At one point, jokingly referring to his statements as a “state of the union,” Hayduk also announced the debut of the “Oval office,” a period on Thursday evenings at 5 p.m. where either he or a senior management employee would be at the Oval to address any concerns from tenants.
He also noted that prior to the meeting, he’d gotten a call from Deputy Inspector Brendan Timoney, commanding officer of the 13th Precinct. “He said, ‘I’m here for you if you need me.’ I didn’t know how to take that,” said Hayduk. (Timoney also popped by the meeting for a bit, telling tenants they were welcome to stop by the precinct any time if they wanted to “say hello.”)
Hayduk then went on to say that after having met with around 1,000 tenants so far, he’s learned that the top areas of concern are laundry access, lack of responsible behavior from neighbors, dogs, students, Airbnb and smoking. In response, he said he’s met with the Tenants Association to get their suggestions and launched the Good Neighbors campaign, aimed at promoting courteous behavior. The recently introduced Dog Days events and the soon-to-come urns for smoking (away from buildings) are a part of that effort.
“So many of the issues in Peter Cooper Village and Stuyvesant Town are mirroring that of society today, generational differences, cultural differences, cohabitation in dense real estate in an urban environment,” said Hayduk. “So we started getting the word out, of let’s just be nice to each other. Many issues are simple courtesy and awareness.”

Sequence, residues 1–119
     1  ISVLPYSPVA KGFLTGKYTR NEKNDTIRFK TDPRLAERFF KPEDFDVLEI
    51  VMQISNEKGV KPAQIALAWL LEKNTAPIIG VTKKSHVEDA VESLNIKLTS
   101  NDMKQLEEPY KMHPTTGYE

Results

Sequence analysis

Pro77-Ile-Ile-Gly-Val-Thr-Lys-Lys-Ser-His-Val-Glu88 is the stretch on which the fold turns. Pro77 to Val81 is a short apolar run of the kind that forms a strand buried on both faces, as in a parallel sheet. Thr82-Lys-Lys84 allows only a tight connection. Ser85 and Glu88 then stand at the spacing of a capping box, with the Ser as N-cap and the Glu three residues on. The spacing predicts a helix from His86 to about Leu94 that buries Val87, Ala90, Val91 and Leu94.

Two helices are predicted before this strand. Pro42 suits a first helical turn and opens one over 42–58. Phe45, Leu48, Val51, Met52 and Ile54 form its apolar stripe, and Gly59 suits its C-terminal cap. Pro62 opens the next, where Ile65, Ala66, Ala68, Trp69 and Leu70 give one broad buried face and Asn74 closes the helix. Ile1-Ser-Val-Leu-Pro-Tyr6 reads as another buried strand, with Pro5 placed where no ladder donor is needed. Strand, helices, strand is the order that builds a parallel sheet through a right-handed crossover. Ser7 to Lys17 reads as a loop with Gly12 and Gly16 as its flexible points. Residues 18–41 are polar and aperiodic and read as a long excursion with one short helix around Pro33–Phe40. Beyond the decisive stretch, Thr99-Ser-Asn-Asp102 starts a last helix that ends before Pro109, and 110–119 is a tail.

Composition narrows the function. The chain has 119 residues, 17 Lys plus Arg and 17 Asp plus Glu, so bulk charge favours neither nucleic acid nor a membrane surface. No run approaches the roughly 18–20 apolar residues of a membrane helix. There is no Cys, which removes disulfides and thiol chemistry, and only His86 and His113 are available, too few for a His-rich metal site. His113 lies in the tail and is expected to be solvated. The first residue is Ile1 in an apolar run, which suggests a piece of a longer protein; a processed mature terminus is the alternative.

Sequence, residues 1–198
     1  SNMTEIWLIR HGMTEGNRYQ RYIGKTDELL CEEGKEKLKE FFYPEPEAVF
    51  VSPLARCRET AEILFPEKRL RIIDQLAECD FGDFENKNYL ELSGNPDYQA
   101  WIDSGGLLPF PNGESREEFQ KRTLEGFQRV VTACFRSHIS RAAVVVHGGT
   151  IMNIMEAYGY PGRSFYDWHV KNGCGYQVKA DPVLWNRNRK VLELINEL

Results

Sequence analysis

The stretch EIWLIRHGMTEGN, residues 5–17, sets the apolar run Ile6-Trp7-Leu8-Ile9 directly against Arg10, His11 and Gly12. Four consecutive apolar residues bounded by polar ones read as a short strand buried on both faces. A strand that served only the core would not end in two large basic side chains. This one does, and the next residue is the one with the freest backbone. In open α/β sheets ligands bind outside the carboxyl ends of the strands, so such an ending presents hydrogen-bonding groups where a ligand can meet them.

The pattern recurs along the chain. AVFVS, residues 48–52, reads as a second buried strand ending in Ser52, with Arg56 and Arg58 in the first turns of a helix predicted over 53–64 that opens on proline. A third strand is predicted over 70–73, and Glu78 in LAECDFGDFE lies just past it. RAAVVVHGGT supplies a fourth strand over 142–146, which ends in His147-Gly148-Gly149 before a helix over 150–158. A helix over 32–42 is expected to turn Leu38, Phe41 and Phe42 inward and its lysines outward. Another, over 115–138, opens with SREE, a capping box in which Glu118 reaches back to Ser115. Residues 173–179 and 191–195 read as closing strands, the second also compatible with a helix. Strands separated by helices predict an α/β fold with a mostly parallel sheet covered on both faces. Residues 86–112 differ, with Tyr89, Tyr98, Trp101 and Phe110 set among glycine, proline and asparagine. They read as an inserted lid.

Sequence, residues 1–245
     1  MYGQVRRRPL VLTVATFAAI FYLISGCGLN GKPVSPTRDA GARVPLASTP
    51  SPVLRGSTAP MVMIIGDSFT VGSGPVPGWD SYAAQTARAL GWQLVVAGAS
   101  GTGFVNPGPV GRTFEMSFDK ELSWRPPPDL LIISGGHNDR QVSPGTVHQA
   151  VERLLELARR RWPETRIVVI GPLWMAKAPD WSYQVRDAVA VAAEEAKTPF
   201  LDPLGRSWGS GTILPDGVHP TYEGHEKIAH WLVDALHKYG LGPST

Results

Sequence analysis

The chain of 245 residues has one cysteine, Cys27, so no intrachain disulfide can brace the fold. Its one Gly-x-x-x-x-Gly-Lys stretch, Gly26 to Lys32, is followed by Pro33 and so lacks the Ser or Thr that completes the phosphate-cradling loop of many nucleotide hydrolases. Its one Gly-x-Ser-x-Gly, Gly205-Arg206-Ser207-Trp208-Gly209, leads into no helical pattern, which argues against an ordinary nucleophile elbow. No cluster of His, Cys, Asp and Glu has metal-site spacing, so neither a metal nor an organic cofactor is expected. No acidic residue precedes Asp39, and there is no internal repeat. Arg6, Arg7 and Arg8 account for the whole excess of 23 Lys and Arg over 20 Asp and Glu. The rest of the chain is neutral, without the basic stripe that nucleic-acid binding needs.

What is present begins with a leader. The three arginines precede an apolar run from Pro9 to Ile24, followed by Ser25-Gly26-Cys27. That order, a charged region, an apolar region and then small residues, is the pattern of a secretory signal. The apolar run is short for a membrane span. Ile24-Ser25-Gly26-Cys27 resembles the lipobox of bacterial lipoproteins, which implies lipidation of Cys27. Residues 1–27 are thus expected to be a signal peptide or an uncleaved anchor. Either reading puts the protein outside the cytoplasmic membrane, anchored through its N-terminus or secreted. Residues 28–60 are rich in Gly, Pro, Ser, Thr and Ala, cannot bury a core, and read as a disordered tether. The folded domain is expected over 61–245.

On the issue of noise from neighboring apartments, Hayduk said that as new tenants move in, they’ll be given gift baskets, with each one including two pairs of slippers, and a few felt pads to stick under furniture. To cut down somewhat on outdoor noise, Hayduk said the property was transitioning to using electric vehicles. For the sanitation crew, new wheels on the noisy carts will soon be air-filled tires.
On laundry, Hayduk said the owner had just spent $250,000 to replace the old washers and dryers, to fix ventilation issues in Peter Cooper Village and invest in new 150 laundry carts. The onsite laundry technician staff has also been doubled.